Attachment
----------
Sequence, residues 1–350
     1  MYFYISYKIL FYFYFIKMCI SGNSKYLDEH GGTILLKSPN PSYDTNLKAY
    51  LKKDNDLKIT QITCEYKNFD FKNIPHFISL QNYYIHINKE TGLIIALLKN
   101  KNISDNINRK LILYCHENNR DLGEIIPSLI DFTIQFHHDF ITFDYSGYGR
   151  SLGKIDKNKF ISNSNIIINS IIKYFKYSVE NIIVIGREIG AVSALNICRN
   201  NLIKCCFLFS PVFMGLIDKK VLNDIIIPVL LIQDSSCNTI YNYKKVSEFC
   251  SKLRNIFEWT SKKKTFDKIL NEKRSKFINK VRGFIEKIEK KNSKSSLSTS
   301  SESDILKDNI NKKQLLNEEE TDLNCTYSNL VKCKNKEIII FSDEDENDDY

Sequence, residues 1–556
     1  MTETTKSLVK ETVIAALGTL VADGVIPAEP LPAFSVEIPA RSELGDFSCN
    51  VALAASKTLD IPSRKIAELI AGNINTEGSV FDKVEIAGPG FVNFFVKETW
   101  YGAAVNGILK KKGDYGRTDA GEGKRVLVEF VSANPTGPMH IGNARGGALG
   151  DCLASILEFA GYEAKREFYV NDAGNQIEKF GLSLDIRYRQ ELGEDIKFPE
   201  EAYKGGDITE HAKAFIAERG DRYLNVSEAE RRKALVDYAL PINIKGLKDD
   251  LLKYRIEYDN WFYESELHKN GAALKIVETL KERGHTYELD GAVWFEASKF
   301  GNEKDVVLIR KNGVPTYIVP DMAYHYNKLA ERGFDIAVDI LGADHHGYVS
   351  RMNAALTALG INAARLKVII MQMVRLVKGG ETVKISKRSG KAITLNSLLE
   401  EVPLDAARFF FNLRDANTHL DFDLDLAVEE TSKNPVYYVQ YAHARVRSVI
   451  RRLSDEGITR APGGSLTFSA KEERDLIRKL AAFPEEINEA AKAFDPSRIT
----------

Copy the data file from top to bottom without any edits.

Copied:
Sequence, residues 1–350
     1  MYFYISYKIL FYFYFIKMCI SGNSKYLDEH GGTILLKSPN PSYDTNLKAY
    51  LKKDNDLKIT QITCEYKNFD FKNIPHFISL QNYYIHINKE TGLIIALLKN
   101  KNISDNINRK LILYCHENNR DLGEIIPSLI DFTIQFHHDF ITFDYSGYGR
   151  SLGKIDKNKF ISNSNIIINS IIKYFKYSVE NIIVIGREIG AVSALNICRN
   201  NLIKCCFLFS PVFMGLIDKK VLNDIIIPVL LIQDSSCNTI YNYKKVSEFC
   251  SKLRNIFEWT SKKKTFDKIL NEKRSKFINK VRGFIEKIEK KNSKSSLSTS
   301  SESDILKDNI NKKQLLNEEE TDLNCTYSNL VKCKNKEIII FSDEDENDDY

Sequence, residues 1–556
     1  MTETTKSLVK ETVIAALGTL VADGVIPAEP LPAFSVEIPA RSELGDFSCN
    51  VALAASKTLD IPSRKIAELI AGNINTEGSV FDKVEIAGPG FVNFFVKETW
   101  YGAAVNGILK KKGDYGRTDA GEGKRVLVEF VSANPTGPMH IGNARGGALG
   151  DCLASILEFA GYEAKREFYV NDAGNQIEKF GLSLDIRYRQ ELGEDIKFPE
   201  EAYKGGDITE HAKAFIAERG DRYLNVSEAE RRKALVDYAL PINIKGLKDD
   251  LLKYRIEYDN WFYESELHKN GAALKIVETL KERGHTYELD GAVWFEASKF
   301  GNEKDVVLIR KNGVPTYIVP DMAYHYNKLA ERGFDIAVDI LGADHHGYVS
   351  RMNAALTALG INAARLKVII MQMVRLVKGG ETVKISKRSG KAITLNSLLE
   401  EVPLDAARFF FNLRDANTHL DFDLDLAVEE TSKNPVYYVQ YAHARVRSVI
   451  RRLSDEGITR APGGSLTFSA KEERDLIRKL AAFPEEINEA AKAFDPSRIT